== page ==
The Amazing Powers of the Brain
Every time I watch sports, I am overcome by a sense of awe over these amazing powers of the human brain and body.
Another example was the Abu Dhabi Formula One Grand Prix recently. This race is different than the rest of the schedule because it starts out in the late afternoon and finishes at night after the sun sets. There is a stage where the drivers are racing in the gloaming. They had a new camera on one of the cars and it was focused on the driver's helmet so at this one stage, you could see his eyes. The driver was Sebastian Vettel (the guy who won the championship this year) and it was amazing to watch him. In the minute and a half that it took him to drive around the circuit, he only blinked about 3 times! The other striking thing was how relaxed he seemed. Here he is, averaging about 130 mph, going around corners, each one needing his full concentration, all the while making about 120 adjustments on various knobs and switches on his steering wheel each lap, dealing with traffic, weather, changing conditions, etc, etc... ad infinitum, and he looks like he's going on a Sunday drive in the country. It's astounding.
There are 80-120 Billion neurons in the human brain. I would love to see an MRI of the brain of an athlete while they are doing their sport (yes I know that's impossible, but I can dream, can't I?).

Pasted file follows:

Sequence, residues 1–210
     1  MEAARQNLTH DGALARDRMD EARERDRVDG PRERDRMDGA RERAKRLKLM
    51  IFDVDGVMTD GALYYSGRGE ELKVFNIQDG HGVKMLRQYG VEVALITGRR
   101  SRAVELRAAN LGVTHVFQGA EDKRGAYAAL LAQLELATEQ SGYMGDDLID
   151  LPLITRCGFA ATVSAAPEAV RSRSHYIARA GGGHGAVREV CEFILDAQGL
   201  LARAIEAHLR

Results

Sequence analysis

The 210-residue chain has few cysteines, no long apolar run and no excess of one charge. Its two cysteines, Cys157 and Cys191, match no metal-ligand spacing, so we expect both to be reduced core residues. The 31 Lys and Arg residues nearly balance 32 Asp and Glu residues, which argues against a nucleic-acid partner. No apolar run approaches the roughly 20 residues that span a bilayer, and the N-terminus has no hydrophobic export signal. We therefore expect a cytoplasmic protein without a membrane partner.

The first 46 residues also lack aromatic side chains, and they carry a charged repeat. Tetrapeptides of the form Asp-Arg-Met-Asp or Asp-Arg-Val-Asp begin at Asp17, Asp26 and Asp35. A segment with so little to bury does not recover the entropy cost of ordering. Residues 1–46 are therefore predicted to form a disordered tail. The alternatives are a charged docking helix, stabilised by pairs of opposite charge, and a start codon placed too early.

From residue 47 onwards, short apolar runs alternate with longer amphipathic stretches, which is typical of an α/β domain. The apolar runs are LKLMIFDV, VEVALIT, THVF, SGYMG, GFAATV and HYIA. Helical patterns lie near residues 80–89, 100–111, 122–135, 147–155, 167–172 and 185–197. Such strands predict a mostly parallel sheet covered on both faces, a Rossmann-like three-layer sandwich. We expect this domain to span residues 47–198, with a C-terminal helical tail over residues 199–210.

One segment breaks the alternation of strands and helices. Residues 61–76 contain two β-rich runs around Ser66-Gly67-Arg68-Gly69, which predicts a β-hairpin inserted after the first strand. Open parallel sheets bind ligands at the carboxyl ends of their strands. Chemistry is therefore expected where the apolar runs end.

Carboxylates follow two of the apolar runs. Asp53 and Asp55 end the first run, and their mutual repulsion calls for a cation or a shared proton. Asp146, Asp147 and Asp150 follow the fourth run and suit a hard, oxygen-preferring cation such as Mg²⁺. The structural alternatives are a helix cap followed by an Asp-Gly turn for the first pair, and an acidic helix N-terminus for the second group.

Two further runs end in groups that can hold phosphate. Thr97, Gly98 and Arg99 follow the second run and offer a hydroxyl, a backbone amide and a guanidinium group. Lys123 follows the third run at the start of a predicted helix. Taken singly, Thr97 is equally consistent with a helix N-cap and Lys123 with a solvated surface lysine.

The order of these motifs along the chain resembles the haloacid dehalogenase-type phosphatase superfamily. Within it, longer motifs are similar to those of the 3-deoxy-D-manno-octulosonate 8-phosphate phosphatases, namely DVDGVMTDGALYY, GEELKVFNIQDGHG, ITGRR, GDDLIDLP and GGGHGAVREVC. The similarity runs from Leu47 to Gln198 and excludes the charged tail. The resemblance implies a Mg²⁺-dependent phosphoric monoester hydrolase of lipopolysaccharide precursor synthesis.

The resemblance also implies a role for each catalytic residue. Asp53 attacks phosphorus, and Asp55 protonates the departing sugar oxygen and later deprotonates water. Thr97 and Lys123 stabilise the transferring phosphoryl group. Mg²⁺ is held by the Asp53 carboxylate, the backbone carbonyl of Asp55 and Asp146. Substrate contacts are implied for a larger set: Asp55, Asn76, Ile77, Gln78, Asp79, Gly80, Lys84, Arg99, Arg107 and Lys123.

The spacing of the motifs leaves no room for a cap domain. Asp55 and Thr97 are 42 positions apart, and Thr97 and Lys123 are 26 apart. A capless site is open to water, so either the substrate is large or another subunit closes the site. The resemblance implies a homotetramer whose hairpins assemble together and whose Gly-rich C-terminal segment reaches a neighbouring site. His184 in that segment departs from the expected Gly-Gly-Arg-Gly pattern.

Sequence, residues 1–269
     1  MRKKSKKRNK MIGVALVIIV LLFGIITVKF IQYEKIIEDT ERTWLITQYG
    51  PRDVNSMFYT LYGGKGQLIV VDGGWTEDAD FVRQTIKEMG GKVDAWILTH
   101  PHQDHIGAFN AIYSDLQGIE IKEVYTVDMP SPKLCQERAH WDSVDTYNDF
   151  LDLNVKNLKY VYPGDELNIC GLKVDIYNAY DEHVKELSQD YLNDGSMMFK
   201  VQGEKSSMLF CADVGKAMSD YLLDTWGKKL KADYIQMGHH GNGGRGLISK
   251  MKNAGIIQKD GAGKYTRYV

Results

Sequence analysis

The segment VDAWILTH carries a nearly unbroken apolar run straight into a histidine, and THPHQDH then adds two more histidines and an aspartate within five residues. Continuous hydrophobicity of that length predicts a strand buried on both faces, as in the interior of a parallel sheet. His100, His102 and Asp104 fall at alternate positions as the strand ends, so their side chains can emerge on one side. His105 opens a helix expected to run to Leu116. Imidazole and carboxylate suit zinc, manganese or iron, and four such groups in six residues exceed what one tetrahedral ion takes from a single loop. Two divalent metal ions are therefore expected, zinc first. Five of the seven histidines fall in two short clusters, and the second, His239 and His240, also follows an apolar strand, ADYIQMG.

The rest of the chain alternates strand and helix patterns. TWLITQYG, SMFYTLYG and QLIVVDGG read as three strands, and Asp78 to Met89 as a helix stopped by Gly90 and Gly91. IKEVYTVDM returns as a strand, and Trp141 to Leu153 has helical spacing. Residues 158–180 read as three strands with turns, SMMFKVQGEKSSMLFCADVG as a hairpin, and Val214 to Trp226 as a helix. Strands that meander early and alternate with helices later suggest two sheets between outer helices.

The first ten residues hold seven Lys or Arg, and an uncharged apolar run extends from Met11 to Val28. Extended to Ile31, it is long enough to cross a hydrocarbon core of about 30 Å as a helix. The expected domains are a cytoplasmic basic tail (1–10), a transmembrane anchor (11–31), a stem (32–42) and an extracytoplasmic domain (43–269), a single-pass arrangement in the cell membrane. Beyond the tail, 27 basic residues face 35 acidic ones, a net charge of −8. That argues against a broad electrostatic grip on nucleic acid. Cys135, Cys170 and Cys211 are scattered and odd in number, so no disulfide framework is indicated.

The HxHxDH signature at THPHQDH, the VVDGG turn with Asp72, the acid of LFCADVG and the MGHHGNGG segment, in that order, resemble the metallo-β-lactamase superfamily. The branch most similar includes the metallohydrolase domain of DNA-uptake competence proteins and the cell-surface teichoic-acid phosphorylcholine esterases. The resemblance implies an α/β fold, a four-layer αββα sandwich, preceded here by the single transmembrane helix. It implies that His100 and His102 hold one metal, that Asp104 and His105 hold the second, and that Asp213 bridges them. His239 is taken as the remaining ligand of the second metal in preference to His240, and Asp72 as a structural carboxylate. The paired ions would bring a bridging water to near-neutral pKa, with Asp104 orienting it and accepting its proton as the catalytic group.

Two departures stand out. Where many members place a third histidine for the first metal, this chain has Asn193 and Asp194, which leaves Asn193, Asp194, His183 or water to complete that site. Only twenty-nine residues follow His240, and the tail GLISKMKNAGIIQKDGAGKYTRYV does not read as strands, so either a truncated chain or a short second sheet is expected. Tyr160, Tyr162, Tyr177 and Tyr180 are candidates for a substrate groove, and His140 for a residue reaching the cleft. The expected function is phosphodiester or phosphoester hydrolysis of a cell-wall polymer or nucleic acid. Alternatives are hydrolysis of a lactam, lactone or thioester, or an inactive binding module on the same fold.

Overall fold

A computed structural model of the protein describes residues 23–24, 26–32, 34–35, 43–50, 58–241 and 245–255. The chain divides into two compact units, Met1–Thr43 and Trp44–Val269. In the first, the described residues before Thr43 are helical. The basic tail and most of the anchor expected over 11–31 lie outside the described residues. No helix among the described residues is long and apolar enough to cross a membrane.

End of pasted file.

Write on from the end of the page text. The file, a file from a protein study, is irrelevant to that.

Not only are many of those neurons working together to let a tennis player hit a little ball with a racket and get the ball to go where she wants it to, but think of how the nerves, muscles, tendons and everything else all work in harmony.
And to revisit the tennis player, her racket has been shown to become an extension of her arm. So when you use a tool, it becomes part of you, in your brain, which explains how we can swing a hammer and have it hit a tiny nail head.
Have you ever watched great ping pong players? Bruce Lee played ping pong with his nunchucks once, for Nokia:
It's so easy to take this for granted, but watching people who are masters at sport is an excellent way to be reminded of the fine concert going on in our heads and bodies.
I, for one, am a klutz, so I guess when I see other people excelling at something like motor racing, I'm acutely aware of the awesomeness of it. If only bumping into things and forgetting what I came into a room for were also amazing. :P
Oh, and by the way, apparently there was a study done that shows that people really do forget whatever was in their short term memory when they go through a doorway. Science is so damned cool!